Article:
I have a light switch that I want to get rid of. I don't know if it is active or not. I want to wallpaper the wall. How do I tell if the circuit is "live" and if so how to turn it off so it is safe to wallpaper over.

2 Answers 2

  • Head down to the local hardware store, and pick up a non-contact voltage tester (any brand will do).

non-contact voltage tester enter image description here enter image description here enter image description here

  • Carefully remove the cover plate from the switch, and move the tester near each wire (you won't have to touch the wires, just get near them). If you hear a beep and/or the light turns on, the circuit is hot.

If the circuit is dead

If the circuit is not hot, you still will not be able to cover the box completely. You'll either have to remove the box and all wires leading to it, or cover the box using a blank cover plate.

Blank cover plate

If you decide to use a blank plate, you can wallpaper the plate itself (while not attached to the wall). This will help it blend into the wall, and all but disappear.

If the circuit is live

If the circuit is still hot, you'll have to trace the circuit back to the point of origin and disconnect it. In most cases a light will not be the only thing on a circuit, so it probably will not be as easy as removing a single circuit breaker. You'll likely want to contact an Electrician to disconnect the wires, and remove the circuit in this situation.

  • +1, fastest gun in the west beat me by a few seconds. However, I don't think she needs to pony up for a Klein tester :D
    – Matthew
    Sep 17, 2012 at 15:47
  • 1
    @MatthewPK Fist picture I found, that's how I answer so fast.
    – Tester101
    Sep 17, 2012 at 15:58
  • I found the Klein to be WAY overpriced durability-wise; if you look at the picture, you can see that a strip of the yellow plastic near the tip is almost see-through thin. That is a recessed channel holding the tip in place; all it took was one good drop from light switch height onto a tile floor and that channel cracked, releasing the smoked plastic tip which now won't stay in place even when taped there (because the battery spring is pushing all the guts of the tester out the front). The cheaper green-bodied testers are much more durable.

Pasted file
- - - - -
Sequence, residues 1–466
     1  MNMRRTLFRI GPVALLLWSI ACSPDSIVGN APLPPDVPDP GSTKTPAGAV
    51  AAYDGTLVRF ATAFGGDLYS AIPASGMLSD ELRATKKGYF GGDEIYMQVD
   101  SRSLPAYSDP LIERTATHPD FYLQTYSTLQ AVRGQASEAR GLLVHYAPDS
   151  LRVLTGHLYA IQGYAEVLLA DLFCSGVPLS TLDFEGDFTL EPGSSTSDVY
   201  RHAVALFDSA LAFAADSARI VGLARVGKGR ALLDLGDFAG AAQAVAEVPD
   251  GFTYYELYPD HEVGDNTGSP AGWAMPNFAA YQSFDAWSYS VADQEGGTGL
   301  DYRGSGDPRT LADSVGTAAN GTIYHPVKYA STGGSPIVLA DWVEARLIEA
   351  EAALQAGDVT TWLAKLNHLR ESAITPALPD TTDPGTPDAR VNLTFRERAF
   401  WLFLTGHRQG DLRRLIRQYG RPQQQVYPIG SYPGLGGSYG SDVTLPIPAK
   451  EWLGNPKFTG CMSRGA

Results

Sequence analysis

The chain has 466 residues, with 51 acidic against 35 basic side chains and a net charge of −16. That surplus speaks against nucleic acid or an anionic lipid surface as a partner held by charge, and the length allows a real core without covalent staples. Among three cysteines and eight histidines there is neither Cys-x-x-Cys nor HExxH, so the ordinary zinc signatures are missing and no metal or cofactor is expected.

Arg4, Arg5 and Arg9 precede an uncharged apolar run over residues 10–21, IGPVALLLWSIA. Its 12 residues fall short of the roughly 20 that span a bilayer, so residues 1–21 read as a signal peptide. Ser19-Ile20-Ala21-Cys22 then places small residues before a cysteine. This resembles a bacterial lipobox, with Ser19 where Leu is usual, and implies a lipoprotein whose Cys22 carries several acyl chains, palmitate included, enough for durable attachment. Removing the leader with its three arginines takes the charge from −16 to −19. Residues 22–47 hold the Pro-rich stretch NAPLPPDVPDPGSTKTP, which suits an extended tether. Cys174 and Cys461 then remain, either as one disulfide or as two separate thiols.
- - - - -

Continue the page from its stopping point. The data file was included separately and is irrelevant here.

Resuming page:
– KeithS
    Sep 17, 2012 at 17:29
  • 3
    You might not even have to open the cover to test for liveness. Just touching near the base of the switch sometimes works. Also, be careful when you think something is dead. Wiggling a wire can "repair" a loose connection, power up the wire, and shock you. Someone flipping another switch can power up a wire and shock you. Every time you disassemble a splice, check that all the wires are still dead. You can only be 100% sure if you can trace back to the main panel, and even then, you might get a surprise. Sep 17, 2012 at 20:28
  • 4
    Isn't an important step to test your voltage tester on a known live circuit first?
    – Kevin Reid
    Sep 18, 2012 at 15:33

Depending on where you are located, it may be a code violation to cover it over completely. The accepted solution in most areas is to buy a blank outlet cover, like this:


Turn off the breaker (and if you can't figure out which one, just turn off the main breaker/fuse and disconnect the entire house)

Disconnect the switch, and put wire nuts and electrical tape over the loose ends.

Wallpaper first, and then put up the blank. If you need to, you can wallpaper the face plate separately before putting it up.

Your Answer

By clicking “Post Your Answer”, you agree to our terms of service and acknowledge you have read our privacy policy.

Not the answer you're looking for? Browse other questions tagged or ask your own question.